The education system when I was young was based on the understanding that, if you left school with a whole raft of qualifications, then any job was open to you.
If you wanted to be a doctor, lawyer, pilot, engineer or an architect then all you needed was these school qualifications and you could go on to learn anything.
Sadly, many people who did train to be doctors didn’t turn out to be very good doctors, as with lawyers, pilots or any other job you care to mention.

When I was an apprentice engineer I can remember working with young engineering college graduates. Some of them were really good, they had talent for engineering and it was really apparent. However, there were others who, if truth be told, were pretty hopeless. Their intelligence had helped them learn enough information to qualify for a degree in engineering but they just didn’t have the talent.

I once appointed a college graduate as a salesperson. I fell into the trap of not thinking but reacting to my programming and believing that because he was ‘intelligent’ then he could learn to sell.
I discovered that he had the capacity to learn all about our products but he didn’t have the talent to persuade others, or to go out and find new customers.
I was also stupid enough to believe I could teach him; however, as I’ve said many times before – “You can’t make people what they’re not!”
You can teach people skills and give them knowledge however, if they don’t have the talent, then their performance will suffer.

The successful manager looks for intelligence, but more importantly he looks for talent to do the job and achieve the outcomes needed for the business.

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The Five Factors of Successful Recruiting

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Are you absolutely sure you know what you’re looking for when you come to recruit a new member for your team?

1. Outcomes

This is the number 1 factor of successful recruiting. It is absolutely vital that anyone you employ can deliver the outcomes you need.

In a previous ‘Motivation Shot’ I wrote – Recruit People Who Can Deliver the Outcomes You Need. If you haven’t read it, go check it out and come back here.

There are four other factors you need to consider

2. Company structure

You need to think about whether the person you interview will be happy in your company and your culture. Some people who move from a large company to a much smaller one often find it hard to adjust.

Some years ago I moved from a large international organisation to a small local company. I went into the job with my eyes open and had three successful years. However I often felt frustrated in the smaller company mainly by their culture and the way they went about their business; I was glad when I moved back to a bigger organisation. I just wasn’t a ‘small company’ person.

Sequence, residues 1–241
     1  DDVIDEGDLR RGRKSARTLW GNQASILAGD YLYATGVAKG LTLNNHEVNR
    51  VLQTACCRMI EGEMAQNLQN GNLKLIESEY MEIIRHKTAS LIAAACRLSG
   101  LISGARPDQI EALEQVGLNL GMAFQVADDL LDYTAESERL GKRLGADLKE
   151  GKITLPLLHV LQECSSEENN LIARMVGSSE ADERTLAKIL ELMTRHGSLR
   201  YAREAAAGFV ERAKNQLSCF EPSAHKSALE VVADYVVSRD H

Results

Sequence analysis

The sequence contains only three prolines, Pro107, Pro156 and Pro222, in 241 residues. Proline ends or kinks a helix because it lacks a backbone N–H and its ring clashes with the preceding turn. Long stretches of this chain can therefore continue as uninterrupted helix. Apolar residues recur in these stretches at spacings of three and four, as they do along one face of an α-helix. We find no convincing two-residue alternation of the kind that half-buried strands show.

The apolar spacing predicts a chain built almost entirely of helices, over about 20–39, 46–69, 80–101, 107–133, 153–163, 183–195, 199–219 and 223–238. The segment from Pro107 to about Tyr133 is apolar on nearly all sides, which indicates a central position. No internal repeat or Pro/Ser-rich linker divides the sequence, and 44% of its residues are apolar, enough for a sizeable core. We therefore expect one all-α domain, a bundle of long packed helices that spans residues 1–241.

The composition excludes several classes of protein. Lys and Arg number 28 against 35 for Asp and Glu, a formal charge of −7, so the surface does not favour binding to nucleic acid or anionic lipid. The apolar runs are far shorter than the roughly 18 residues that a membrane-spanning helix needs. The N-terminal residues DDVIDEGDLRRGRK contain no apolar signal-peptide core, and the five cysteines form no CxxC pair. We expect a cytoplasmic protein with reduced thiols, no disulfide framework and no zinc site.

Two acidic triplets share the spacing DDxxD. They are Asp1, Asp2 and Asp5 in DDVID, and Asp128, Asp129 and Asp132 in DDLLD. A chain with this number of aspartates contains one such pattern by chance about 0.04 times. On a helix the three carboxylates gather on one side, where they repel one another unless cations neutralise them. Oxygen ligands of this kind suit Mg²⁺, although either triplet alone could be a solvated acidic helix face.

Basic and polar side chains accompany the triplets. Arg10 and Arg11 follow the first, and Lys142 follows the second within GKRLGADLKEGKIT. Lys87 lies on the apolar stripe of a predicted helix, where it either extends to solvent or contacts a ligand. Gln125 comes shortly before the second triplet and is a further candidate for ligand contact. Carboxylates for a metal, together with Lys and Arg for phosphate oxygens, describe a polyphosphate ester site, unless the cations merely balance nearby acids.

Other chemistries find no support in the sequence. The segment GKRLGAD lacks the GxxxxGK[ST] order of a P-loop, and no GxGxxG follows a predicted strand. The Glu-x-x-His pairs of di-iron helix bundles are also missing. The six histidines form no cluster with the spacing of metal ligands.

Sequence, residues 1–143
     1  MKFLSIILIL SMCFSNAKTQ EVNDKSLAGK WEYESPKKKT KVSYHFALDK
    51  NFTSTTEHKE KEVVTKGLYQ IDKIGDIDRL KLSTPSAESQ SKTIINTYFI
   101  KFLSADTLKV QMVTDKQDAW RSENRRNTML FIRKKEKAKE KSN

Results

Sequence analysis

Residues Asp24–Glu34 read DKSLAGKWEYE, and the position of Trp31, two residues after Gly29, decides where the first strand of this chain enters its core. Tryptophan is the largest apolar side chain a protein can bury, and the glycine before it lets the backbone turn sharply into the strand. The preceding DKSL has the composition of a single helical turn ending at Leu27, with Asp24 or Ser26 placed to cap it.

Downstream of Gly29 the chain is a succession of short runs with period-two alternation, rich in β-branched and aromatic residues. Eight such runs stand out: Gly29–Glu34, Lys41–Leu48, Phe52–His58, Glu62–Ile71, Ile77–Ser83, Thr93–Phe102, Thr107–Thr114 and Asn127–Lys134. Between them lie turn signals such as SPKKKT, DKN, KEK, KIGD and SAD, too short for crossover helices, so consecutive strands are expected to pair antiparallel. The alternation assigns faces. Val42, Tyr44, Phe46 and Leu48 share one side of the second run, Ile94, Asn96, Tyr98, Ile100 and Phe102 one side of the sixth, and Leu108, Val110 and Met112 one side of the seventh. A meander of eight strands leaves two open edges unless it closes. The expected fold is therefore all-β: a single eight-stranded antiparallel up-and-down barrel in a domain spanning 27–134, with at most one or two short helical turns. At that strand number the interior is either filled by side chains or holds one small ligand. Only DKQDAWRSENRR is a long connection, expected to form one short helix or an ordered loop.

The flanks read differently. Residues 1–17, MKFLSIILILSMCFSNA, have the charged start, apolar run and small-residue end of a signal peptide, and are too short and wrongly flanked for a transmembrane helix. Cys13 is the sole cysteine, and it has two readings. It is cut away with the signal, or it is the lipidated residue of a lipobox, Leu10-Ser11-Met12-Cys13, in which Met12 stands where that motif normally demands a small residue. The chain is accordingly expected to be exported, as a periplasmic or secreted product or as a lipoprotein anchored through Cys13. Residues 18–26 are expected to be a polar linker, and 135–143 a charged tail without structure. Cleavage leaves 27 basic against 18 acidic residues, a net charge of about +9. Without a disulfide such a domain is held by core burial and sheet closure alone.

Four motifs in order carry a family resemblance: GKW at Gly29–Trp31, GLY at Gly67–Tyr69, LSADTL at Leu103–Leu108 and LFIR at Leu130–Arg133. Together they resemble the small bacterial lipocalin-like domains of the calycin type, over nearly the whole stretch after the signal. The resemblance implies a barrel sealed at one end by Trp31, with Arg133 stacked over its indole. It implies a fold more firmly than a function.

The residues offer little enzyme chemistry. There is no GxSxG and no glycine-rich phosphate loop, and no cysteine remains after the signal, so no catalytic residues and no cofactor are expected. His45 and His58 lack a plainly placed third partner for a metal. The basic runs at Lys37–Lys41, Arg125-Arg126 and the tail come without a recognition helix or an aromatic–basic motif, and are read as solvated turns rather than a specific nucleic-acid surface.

I’ve interviewed people in a similar situation. I remember one lady who I interviewed for a sales agent’s job at one of my clients. She was keen to get the job, she had loads of experience, all the skills required and I was confident that she could do it. However, when describing her current job with a large company it became very apparent that she wouldn’t fit into this smaller one.

She kept talking about all the things they did in her present company and how she went about her daily duties. I knew that this job she was applying for was totally different from what she’d been used to. If I had employed her I believe that she wouldn’t be happy, would end up not doing a good job and would probably spend her time trying to find a new position.

3. The team

Will the job applicant fit well with the existing team? Maybe your team are a group of loners who don’t communicate with each other but it’s unlikely. You can’t pick people who are all the same; you don’t want a set of clones in your team. However you need to pick someone who is on the same wave-length as the rest of the team.
Perhaps you could involve a team member at a second interview, they might have a better feel for whether the person would fit or not.

4. Your style of managing

How will the person respond to you, will they be able to work with your style of management.
I’ve had applicants complain about their existing boss – “Do you know that he expects me to do such and such.” And I’ve thought to myself, “That’s exactly what I’d be expecting as well.”

You’ve got to have a good connection with this person that you bring into your team. That doesn’t mean to say that you’re going to be best buddies but you’ll need to be able to work together.
Consider if you’re the kind of manager who likes to work closely with your team and regularly check their progress. If so, you’ll need an individual who wants structure and detail and is comfortable with close monitoring.

If on the other hand, you’re the kind of manager who sets outcomes and leaves the team to get on with it without much help from you. Then you’re going to need someone who’s happy to work with minimum supervision.

I once made a mistake with a guy I appointed into a field sales job. Because he was a college graduate I felt that he would be able to pick up the knowledge and selling skills really fast.

I’m the second type of manager I described above. I tell people what the outcomes are and let them find their way to achieving them. I keep in contact and give feedback when they do well and also when they need to improve things.

However this guy was at me all the time – “What do I do next, where do I go now, how do I do it?” This of course took up too much of my time. The others in the team made decisions themselves and regularly checked with me. This guy was a ‘bad fit,’ it didn’t work and he left very soon of his own accord.

5. They need to be happy

Job applicants don’t know what they’re getting into when they start a new job. They might think they know but how can they when they’ve never worked in your team or you company before. Just as it’s a risk for you when you start someone new, it’s also a risk for them. You’ll never totally eliminate the risk but it’s your job minimise the risk for both you and the applicant.

I’ve seen too many people start a new job and then find that it doesn’t suit them, they don’t like it and they want out. It causes problems for you as the manager; so I suggest you do every thing you can to avoid it.